Jon Mentzell

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The Importance of Strong Encryption in Free Societies

September 18, 2018 / by Jon Mentzell

There is growing concern regarding the role that encryption on personal devices might play in the future of law enforcement activities. Strong encryption, which uses large keys that are controversially hard to crack, has caused complaints in recent years as manufacturers such as Apple and Google increasingly add these features to their devices. What these companies have done is not new technology, but the broader application of existing public-private key encryption in a way that’s easy to use for the average consumer.

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What Is the 'EFAIL' Vulnerability and What Can I Do About It?

May 18, 2018 / by Jon Mentzell

What is efail? 

Efail is the name given by German Researchers to a potential attack against PGP or S/MIME encoded emails to take the encrypted contents and send them to a third-party actor.

How does efail work?

Efail requires an HTML encoded email to be manipulated by prepending an html image tag to the beginning of the email. This in turn forces the email client to send a request to a malicious domain looking for an image file that is the body of the encrypted email.

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Spectre & Meltdown: Processor Design Flaw Leads to Executable Side-Channel Attack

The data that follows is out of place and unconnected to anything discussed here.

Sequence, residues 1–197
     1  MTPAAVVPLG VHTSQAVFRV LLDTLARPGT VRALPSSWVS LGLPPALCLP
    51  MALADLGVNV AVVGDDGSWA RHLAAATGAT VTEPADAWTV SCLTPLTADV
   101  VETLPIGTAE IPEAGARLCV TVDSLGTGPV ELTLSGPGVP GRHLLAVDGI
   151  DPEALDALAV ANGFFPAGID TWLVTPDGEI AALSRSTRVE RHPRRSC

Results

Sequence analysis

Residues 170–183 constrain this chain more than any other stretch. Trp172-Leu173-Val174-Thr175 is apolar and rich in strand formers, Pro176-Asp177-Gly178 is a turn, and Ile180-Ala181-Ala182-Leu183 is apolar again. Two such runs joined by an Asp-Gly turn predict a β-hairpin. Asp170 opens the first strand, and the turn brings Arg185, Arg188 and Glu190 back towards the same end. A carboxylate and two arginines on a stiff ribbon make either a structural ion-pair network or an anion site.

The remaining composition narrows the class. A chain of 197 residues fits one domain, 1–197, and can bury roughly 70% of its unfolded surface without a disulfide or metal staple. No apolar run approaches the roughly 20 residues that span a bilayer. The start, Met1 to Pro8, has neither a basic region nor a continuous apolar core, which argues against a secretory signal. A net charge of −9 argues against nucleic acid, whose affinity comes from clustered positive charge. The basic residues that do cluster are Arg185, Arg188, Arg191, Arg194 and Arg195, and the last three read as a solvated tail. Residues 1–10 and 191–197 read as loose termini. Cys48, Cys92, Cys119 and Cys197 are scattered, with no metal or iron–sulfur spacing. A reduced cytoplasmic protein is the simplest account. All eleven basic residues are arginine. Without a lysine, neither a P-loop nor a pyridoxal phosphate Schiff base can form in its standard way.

January 17, 2018 / by Jon Mentzell

Starting in late December, the Linux kernel development lists started buzzing about some commits going into the kernel without the usual documentation that adjoins such code changes. When an AMD developer added some code on December 26th with the following comment, security researchers started zeroing in on the problem:

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Adobe Product Security Team Accidentally Leaks PGP Private Key

September 26, 2017 / by Jon Mentzell

Adobe's Product Security Incident Response Team (PSIRT) accidentally posted their private key to the internet allowing anyone with access to either side of a conversation with the PSIRT to be able to decrypt the messages.  The Adobe security team was quick to revoke the PGP key, but it has left people with encrypted messages to Adobe in the clear.  How did it happen?

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Poor Information Security Practices Lead to Massive Data Leak

June 20, 2017 / by Jon Mentzell

A Republican National Committee data analytics firm, Deep Root Analytics, disclosed that as many as 198 million U.S. citizens’ names, dates of birth, home addresses, phone numbers, and other identifiable information were exposed to the internet due to a database misconfiguration. Many firms are hastily moving to the cloud without fully understanding the security implications of doing so. By rolling new cloud implementations, data collection and analysis problems become simpler tasks. However, without a proper security framework around it, data is accessible to the internet and more likely to be retrieved.

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